The current dominant view on object processing entails that abstract object shape is represented in the ventral visual stream (occipito-temporal cortex). This bias towards the ventral stream has diverted the attention of the field from rigorous study of object responses in the dorsal stream (parietal cortex). To fill the gap in our understanding of object responses in the dorsal stream, we ran a series of experiments using functional MRI to comprehensively study object responses in the human dorsal stream and compared them to those in the ventral stream. We found robust object responses in both streams. Responses in the dorsal parietal cortex, similar to those in the ventral occipitotemporal cortex, were tolerant to changes in position, size, low-level features, and attentional tasks and were sensitive to both static and dynamic cues in the stimuli. In a data-driven approach, we compared the representational structures across the brain. The structure of the visual system, including the visual hierarchy and the dorsal-ventral distinction, emerged from this analysis. Dorsal Stream Regions differed from those in the ventral pathway and early visual cortices. In fact, the structure of the visual hierarchy and the dorsal-ventral stream distinction could be recovered through this bottom-up analysis. The rediscovery of the two-pathway structure using an entirely bottom-up approach demonstrates that first, two pathways exist in the brain for processing object shape information, and second, the dorsal pathway represents features in the visual input distinct from those represented in the ventral pathway.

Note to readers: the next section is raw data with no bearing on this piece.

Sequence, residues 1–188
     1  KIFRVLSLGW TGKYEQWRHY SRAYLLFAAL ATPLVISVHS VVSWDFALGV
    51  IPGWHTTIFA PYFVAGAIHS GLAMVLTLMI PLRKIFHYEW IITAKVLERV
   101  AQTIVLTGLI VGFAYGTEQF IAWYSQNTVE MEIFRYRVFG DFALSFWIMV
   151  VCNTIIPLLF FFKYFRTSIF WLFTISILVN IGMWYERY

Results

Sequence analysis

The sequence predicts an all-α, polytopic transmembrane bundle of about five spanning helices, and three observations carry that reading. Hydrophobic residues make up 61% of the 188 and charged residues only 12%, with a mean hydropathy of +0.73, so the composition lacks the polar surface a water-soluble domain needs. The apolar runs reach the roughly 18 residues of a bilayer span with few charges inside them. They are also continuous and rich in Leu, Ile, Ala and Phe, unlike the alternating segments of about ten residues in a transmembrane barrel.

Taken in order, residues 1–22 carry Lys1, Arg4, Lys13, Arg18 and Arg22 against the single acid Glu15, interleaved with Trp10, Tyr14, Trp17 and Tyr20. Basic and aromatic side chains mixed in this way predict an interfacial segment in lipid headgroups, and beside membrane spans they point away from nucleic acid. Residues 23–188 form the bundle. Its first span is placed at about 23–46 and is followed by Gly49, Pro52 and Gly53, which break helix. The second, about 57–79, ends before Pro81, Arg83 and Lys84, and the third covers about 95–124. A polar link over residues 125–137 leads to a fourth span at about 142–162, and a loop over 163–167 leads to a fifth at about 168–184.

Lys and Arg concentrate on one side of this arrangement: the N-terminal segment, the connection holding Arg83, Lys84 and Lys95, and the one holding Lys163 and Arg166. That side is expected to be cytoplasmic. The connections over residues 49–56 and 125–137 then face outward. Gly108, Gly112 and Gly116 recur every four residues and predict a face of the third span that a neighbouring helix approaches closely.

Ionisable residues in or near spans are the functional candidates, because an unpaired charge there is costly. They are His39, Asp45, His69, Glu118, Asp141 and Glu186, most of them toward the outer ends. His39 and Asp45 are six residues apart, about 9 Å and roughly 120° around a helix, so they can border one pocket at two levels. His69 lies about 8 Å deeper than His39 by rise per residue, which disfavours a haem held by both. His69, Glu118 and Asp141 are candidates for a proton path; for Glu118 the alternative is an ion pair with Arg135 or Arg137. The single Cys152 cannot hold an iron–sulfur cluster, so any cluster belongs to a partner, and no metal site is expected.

Dorsal and ventral visual pathways: An expanded neural framework for object recognition

Vladislav Ayzenberg1, Marlene Behrmann1,2; 1Neuroscience Institute and Psychology Department, Carnegie Mellon University, 2Department of Ophthalmology, University of Pittsburgh